eDirectory is a considered to be a loosely synchronized database. So what does that mean? eDirectory changes are based upon timestamps. As an object is updated with a new timestamp, eDirectory recognizes the change and replicates it to the corresponding servers in the replica ring. Once the replication is complete through the confirmed synchronization process, the change is NEVER synchronized again. Unlike other databases that synchronize entire copies of the database or entire objects, eDirectory only synchronizes the affected attributes and components that have changed, when the change occurs.
So if eDirectory is healthy and consistent among all replica holders, and you restore an image from 6 months ago, or 2 days ago or 2 minutes ago for that matter, it will hold different information that the other replica holders. eDirectory will NOT reconcile the differences on the restored server. These differences may simply be different values in attributes (descriptions, address, password, etc), or they may be that the server holds an object that has since been deleted.
A common symptom of inconsistencies in a replica ring are #_# objects. Collision renamed objects (#_# objects such as 0_2) are caused by one server trying to sync a new object over to another server that either holds an object with the same name and a different creation timestamp, or a different name with the same creation timestamp. eDirectory cannot handle two objects with same name or timestamp so it creates a collision rename object in its place. The Numbers actually mean something, where the first digit (#_ ) is instance of the rename, and the second digit ( _#) is the replica number doing the rename. So you can find the offending replica by looking at the replica attribute for the partition and finding the server with that replica number in the replica ring using iMonitor.
So what does all of this mean in the virtualized environment we have now days.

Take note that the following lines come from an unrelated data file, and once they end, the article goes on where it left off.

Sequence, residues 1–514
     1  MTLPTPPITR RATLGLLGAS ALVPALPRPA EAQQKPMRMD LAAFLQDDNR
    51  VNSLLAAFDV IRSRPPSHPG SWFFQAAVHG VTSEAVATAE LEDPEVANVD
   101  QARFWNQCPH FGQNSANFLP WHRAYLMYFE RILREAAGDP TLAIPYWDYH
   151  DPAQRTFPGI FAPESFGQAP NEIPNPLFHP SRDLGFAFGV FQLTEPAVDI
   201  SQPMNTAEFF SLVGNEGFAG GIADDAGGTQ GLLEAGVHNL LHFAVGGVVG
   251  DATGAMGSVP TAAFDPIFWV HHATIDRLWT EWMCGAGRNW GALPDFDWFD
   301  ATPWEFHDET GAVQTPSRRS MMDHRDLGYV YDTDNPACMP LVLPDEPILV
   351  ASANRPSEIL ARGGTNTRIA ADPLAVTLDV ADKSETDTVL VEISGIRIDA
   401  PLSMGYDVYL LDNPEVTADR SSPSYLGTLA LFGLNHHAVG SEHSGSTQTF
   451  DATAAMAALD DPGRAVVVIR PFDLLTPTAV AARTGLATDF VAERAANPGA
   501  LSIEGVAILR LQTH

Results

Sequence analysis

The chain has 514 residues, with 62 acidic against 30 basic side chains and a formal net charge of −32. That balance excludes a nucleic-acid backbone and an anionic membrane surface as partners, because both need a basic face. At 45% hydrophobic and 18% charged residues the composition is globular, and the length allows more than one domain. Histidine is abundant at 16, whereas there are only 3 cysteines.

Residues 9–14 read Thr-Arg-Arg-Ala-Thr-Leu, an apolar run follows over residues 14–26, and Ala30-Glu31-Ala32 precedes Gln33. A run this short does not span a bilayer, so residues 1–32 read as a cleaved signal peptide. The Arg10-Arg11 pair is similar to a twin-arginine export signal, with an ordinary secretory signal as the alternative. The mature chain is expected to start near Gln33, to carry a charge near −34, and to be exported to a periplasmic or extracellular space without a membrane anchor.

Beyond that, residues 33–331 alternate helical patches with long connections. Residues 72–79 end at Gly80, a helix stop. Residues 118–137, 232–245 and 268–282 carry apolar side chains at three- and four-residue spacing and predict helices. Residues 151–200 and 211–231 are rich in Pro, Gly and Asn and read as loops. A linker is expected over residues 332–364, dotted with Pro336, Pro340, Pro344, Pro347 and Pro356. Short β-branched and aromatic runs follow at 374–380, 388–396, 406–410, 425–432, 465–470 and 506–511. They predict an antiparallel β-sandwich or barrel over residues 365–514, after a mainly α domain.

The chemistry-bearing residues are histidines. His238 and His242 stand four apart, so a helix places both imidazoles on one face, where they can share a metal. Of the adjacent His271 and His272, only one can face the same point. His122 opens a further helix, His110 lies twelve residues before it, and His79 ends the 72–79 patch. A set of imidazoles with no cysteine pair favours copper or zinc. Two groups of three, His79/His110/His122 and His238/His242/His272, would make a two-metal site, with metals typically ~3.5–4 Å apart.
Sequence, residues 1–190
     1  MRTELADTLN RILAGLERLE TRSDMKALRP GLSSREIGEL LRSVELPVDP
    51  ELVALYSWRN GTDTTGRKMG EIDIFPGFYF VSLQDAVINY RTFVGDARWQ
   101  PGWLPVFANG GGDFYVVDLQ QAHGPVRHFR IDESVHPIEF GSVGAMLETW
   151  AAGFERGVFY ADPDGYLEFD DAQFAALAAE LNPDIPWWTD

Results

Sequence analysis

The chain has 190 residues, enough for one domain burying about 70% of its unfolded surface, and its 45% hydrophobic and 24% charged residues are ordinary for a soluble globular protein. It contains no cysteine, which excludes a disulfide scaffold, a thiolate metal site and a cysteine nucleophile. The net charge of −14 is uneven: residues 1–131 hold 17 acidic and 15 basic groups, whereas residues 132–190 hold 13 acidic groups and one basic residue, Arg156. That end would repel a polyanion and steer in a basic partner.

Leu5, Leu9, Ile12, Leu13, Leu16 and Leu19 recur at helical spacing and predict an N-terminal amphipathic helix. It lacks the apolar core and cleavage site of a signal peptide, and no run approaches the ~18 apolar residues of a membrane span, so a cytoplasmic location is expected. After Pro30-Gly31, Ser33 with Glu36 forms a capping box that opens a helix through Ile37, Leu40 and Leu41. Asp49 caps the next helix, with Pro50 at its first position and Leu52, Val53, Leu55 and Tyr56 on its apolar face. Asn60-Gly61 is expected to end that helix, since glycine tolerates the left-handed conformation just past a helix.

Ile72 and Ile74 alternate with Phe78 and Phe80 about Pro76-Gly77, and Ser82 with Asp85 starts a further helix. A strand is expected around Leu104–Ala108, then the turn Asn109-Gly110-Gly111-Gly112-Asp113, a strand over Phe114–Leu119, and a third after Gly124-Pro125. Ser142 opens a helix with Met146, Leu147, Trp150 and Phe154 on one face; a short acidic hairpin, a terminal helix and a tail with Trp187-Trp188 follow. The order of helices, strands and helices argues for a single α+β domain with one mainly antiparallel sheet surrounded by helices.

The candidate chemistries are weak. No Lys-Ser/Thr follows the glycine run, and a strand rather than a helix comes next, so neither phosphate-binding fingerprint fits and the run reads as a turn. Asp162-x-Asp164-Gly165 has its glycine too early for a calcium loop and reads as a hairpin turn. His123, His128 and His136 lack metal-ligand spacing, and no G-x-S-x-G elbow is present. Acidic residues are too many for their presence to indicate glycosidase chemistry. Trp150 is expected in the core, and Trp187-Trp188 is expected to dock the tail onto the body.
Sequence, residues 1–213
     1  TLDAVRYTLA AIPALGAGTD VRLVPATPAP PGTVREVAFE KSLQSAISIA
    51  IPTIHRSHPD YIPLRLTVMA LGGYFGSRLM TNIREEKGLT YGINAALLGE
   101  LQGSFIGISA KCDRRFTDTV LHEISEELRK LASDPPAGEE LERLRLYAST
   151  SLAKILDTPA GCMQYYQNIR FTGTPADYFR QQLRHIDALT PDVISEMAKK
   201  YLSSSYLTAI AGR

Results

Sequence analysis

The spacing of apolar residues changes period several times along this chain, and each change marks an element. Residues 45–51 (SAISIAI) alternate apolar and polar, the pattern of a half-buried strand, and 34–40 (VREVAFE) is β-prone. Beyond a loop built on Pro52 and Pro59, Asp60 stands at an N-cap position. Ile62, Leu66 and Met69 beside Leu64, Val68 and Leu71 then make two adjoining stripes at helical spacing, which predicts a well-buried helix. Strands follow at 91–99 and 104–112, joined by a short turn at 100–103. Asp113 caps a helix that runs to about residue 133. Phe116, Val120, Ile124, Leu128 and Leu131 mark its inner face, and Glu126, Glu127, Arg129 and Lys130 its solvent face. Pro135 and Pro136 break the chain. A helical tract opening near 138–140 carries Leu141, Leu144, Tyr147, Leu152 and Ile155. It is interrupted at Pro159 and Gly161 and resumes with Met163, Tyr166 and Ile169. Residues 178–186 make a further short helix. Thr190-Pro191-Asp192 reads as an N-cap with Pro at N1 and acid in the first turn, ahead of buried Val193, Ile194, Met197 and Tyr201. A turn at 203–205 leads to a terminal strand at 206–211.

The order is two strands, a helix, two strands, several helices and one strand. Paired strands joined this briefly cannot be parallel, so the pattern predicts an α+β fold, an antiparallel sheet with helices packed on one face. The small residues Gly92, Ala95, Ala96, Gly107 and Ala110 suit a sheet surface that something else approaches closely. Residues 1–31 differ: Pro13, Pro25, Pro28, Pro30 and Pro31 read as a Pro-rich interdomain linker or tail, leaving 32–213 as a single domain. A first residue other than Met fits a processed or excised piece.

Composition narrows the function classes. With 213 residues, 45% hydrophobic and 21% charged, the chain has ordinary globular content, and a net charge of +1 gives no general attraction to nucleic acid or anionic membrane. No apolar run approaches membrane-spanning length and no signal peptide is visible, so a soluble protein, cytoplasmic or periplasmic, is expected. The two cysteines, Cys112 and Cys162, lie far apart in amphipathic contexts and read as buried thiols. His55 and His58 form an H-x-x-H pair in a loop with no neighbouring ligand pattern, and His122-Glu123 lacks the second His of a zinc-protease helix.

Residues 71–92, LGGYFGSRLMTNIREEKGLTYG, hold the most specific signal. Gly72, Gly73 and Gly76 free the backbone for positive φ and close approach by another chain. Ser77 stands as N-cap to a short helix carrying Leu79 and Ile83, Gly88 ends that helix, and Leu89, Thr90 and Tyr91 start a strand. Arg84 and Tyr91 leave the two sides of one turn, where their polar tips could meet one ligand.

When migrating to a virtual environment, or restoring images there can be material consequences if not handled properly.
It is NOT supported to be running two servers with the same name in the same tree. All Novell utilities that perform migrations from one server to another take steps to disable the source server once the migration is complete. This action will prevent duplicate servers in the same tree.
There are known third party utilities that do NOT lock the source server down when the migration is complete. Leaving both servers running after the virtual migration is complete. Leaving both servers running in the tree, WILL cause corruption in eDirectory! So as you migrate to a Virtual server using any third party utilities. When the migration is complete shut down and disable (by FDISK, Formatting or other means) the source server.
Restoring images on virtual servers. This is one of the key benefits of a virtualized environment. There are several reasons for restoring a virtual server.
Virtual host OS is corrupt.
eDirectory is corrupt.
Need to get deleted file from server.
Need to restore user or other eDirectory object that was Deleted.
Along with other reasons....
Options 1-3 are valid reasons to restore a virtual image. Option 4 is not. If you are trying to recover a single object in eDirectory, then use a supported eDirectory backup software to restore the single object or recreate the object by hand.
So when can a virtual image be restored without potential affects? The answer may be never. However in if you restore an image and immediately (within moments after restoring the image) remove ALL replicas from the servers, then in most cases the restore can be accomplished without any issues.
If the SERVER OBJECT HAS MOVED in the tree since the image was taken, DO NOT RESTORE IT.
The most common practice, which is used by Novell Technical Support, is to manually remove all replicas from the server after the restore. TID 7001592 â Manually removing all replicas from a server, discusses how to manually remove all replicas from a server. WARNING: If done incorrectly, the xk2 process can cause severe issues in your tree. In other words, you could lose your entire eDirectory tree or portions of it.
Another approach is to remove all the replicas through normal tools, such as iManager. If the replica remove is not done within moments of restoring the image, you could potentially replicate old or bad information in the tree as changes are being made to the database on the restored server. This method WILL NOT WORK if you have MADE CHANGE TO THE REPLICA RINGS in the tree since the image was taken.
In the end, it is NOT recommended or advised to restore images of virtual servers in your eDirectory tree. Restore images at your own risk! Some effects of restoring images could be irreversible.
Related Technical Information Documents: